Sonny Gray leaps toward A’s return
Sonny Gray made a key step toward an Oakland return Saturday, and he did so emphatically.
Gray, who has yet to pitch with the Athletics (10-8) this season after suffering a lat strain during Spring Training, is coming off the worst season of his young career. The 27-year-old made just 22 starts in 2016, facing a litany of upper-body injuries.
The former ace is now on the verge of returning to a starting staff that already boasts the American League’s seventh-lowest starter ERA (3.83). In his first rehab assignment, with the Class-A Stockton Ports, Gray fired 5 scoreless frames, allowing just one hit while striking out six. He said:
“I felt great, and I feel good again today. It was a good step in the right direction, for sure.”
The original plan was to have Gray throw 4 innings and 65 pitches. He was so efficient, though, that he needed a fifth inning to even approach the target pitch total. Even in getting the extra three outs, he didn’t reach the 65-mark — he finished his afternoon tossing the final 18 in the bullpen under the watchful eye of big league pitching coach Curt Young.
Manager Bob Melvin said:
“We didn’t want him getting up more than five times, he had only been up three times before that, so he did it economically — he was throwing a lot of strikes.”
Efficiency and command were both good signs for the right-hander and his club. Issuing 42 free passes over 117 innings a season ago, Gray finished 2016 with a career-worst 2.24 strikeouts per walk. Efficiency also played into his ability to remain in games. Gray averaged just 5-1/3 innings per start in last year, after lasting 6-2/3 per start in each of his previous two seasons.
“It was great. I felt like I was controlling the strike zone. I was throwing four pitches for strikes — the days that you’re doing that, more times than not, it’s going to come out in your favor.”
Up next for Gray is a second rehab start, this one with the Triple-A Nashville Sounds, in which he will toss 75 pitches. From there, Melvin said, a decision will be made regarding the next step — the two options being a third rehab assignment, or a return to the A’s.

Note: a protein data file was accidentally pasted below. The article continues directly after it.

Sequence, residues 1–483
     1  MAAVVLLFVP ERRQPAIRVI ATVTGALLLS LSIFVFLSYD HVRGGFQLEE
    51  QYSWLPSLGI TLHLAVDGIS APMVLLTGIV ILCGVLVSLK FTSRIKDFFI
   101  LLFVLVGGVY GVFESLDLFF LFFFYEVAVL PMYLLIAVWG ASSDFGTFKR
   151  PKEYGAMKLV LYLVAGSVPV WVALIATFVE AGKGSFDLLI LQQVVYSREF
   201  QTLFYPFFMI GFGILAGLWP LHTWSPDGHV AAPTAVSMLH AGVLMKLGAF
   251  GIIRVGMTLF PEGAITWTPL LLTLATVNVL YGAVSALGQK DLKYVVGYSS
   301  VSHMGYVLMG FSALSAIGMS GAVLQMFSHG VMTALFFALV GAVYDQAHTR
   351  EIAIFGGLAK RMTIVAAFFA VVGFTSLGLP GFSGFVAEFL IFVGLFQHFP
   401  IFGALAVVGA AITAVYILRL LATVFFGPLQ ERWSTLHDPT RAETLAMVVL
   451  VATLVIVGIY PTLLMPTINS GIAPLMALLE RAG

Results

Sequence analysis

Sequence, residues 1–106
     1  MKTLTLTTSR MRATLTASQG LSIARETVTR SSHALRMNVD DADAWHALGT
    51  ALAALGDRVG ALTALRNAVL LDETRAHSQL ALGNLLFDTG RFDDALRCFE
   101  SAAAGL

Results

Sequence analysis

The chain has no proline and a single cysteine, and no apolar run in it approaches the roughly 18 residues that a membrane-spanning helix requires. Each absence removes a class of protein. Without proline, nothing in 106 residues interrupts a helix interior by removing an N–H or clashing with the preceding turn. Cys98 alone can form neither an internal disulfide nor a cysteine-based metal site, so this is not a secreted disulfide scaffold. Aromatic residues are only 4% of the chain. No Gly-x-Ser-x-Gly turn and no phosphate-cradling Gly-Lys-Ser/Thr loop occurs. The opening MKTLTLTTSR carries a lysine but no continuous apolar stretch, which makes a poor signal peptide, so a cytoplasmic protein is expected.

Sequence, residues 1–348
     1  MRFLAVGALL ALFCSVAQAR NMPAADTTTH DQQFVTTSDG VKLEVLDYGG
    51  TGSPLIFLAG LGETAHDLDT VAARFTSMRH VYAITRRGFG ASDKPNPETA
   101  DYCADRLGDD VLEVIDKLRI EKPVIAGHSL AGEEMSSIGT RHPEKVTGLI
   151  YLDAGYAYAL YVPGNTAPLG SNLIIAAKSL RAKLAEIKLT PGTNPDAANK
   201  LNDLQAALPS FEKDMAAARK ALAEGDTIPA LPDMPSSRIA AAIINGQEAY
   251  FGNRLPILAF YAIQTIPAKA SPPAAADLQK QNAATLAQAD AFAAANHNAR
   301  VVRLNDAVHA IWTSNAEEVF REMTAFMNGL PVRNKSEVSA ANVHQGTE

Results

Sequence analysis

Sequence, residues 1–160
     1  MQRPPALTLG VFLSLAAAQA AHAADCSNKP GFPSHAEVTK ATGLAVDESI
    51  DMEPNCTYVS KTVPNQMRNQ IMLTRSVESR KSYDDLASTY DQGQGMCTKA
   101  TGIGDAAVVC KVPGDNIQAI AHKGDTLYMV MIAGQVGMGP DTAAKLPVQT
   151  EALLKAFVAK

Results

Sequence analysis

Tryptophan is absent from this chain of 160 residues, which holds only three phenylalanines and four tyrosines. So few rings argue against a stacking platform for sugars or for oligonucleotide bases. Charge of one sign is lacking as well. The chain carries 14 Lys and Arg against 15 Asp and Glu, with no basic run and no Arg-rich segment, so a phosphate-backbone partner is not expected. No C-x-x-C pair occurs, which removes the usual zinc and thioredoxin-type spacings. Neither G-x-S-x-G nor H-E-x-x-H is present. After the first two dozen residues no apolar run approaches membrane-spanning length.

Also on the mend, center fielder Rajai Davis was left out of the starting lineup for the third straight day since tweaking his left hamstring Thursday night.
The decision to give Davis one more day, the skipper said, has much to do with his style of play and the travel day coming Monday:
“We need Raj back, but we also need him healthy. With the off-day tomorrow, it makes sense to give him one more day. I think he probably could play today, but his legs are the most important thing in his game so we want to make sure we’re past this, and with a day off tomorrow it gives us a little better chance for him to go out there closer to 100 percent.”
Davis, who has slashed .214/.262/.375 with one stolen base through his first 15 games this season, is expected to return to the starting lineup Tuesday against the Los Angeles Angels of Anaheim (8-11).
Kendall Graveman (2-0, 2.00 ERA), who was placed on the 10-day DL Monday (retroactive to Saturday, April 15) with a strained shoulder, is also expected to return from the ranks of the walking wounded in Anaheim. He will throw a bullpen session Monday, Melvin said if all goes well he will slide right back into the rotation.